How to Care for Tickseed Flowers
Tickseed, also known as Coreopsis or Tickweed, is a species of perennial herb native to North America. It typically grows to about 12 inches in height and produces large, yellow flowers throughout the summer. Tickseed flowers live for 2 to 3 years if given the proper care, and are hardy in zones 4 through 9. They are fairly disease- and drought-resistant, and attract beneficial insects such as bees and butterflies to the garden.
Plant tickseed flowers during early spring in a location that receives full sunlight throughout the day. Spread 2 inches of organic compost over the site prior to planting and use a garden tiller to incorporate it into the soil. Allow at least 8 inches of space between each tickseed planting.
Water tickseed flowers once per week during spring, summer and fall, but only on weeks that don't receive at least 2 inches of rainfall. Reduce frequency to once per month during winter.
Feed tickseed once per year in early spring using a balanced 10-10-10 NPK fertilizer. Apply half the recommended dosage, as too much fertilizer reduces the number of blooms. Follow the manufacturer's directions for proper application.
Encourage additional flowering by trimming the plant to about 1 inch below each dead blossom, and new growth will replace it shortly after. Continue throughout the blooming season to maximize flower production.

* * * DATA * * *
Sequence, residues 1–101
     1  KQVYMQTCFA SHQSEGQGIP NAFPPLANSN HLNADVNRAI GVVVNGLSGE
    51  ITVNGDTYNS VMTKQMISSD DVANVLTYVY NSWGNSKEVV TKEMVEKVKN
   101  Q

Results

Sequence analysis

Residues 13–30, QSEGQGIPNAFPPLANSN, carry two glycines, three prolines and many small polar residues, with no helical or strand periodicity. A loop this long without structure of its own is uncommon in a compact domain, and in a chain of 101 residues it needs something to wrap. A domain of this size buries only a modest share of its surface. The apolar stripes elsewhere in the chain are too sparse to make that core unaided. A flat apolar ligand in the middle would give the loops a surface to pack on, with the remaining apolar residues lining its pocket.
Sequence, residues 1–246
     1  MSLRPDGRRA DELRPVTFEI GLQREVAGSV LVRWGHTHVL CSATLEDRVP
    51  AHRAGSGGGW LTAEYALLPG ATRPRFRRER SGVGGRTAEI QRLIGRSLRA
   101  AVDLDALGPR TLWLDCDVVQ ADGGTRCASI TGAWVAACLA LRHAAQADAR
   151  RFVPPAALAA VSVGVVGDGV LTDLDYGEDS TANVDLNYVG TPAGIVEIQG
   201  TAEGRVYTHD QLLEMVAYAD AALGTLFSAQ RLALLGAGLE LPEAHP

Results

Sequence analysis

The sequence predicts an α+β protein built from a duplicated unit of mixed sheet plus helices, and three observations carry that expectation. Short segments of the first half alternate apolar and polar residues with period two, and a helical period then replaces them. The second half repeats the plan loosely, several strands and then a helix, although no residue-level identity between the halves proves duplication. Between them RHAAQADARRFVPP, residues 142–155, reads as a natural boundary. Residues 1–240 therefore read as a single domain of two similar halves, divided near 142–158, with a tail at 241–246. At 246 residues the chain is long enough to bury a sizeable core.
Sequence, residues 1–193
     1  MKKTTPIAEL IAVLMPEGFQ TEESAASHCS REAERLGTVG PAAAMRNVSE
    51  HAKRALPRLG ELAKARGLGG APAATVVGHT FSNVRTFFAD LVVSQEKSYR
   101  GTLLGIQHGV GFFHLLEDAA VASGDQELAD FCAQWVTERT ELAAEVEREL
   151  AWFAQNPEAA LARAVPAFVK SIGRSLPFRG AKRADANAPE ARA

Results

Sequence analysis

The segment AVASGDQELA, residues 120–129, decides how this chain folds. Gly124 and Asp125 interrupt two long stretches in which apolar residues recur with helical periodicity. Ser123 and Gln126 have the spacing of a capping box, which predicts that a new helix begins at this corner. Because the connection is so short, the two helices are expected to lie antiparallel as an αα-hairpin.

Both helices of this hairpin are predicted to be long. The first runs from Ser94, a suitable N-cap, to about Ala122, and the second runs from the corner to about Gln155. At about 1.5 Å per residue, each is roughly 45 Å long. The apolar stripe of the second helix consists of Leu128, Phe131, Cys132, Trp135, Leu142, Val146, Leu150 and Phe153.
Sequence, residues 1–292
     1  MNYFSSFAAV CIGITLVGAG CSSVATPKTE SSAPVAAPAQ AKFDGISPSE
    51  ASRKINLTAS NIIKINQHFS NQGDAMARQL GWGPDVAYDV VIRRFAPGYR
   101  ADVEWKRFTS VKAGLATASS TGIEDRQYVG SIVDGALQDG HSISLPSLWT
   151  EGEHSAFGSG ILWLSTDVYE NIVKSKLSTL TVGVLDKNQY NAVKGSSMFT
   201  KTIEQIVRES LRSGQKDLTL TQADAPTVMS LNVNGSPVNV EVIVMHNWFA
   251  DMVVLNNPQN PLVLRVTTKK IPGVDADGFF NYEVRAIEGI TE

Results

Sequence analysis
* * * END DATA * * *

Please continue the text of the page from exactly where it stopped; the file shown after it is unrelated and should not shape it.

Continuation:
Cut tickseed flowers back to the ground immediately after the tops are killed by frost. Cover with a 1-inch layer of mulch to insulate the soil and protect the root system throughout thewinter. Remove the mulch in early spring, just before growth starts.
Use a thick mulch such as shredded cedar bark to increase protection.
Do not cut the flowers off if self-propagation is desired. The flowers will turn to seed and new plants will bloom in the immediate area, however they may not resemble the parent plant.
- Use a thick mulch such as shredded cedar bark to increase protection.
- Do not cut the flowers off if self-propagation is desired. The flowers will turn to seed and new plants will bloom in the immediate area, however they may not resemble the parent plant.
- Organic compost
- Garden tiller
- University of Illinois Extension: Tickseed
- Maryland Cooperative Extension: Coreopsis Production and Consumer Care
- "Indiana Gardener's Guide;" Joellen Sharp, Tom Tyler; 2004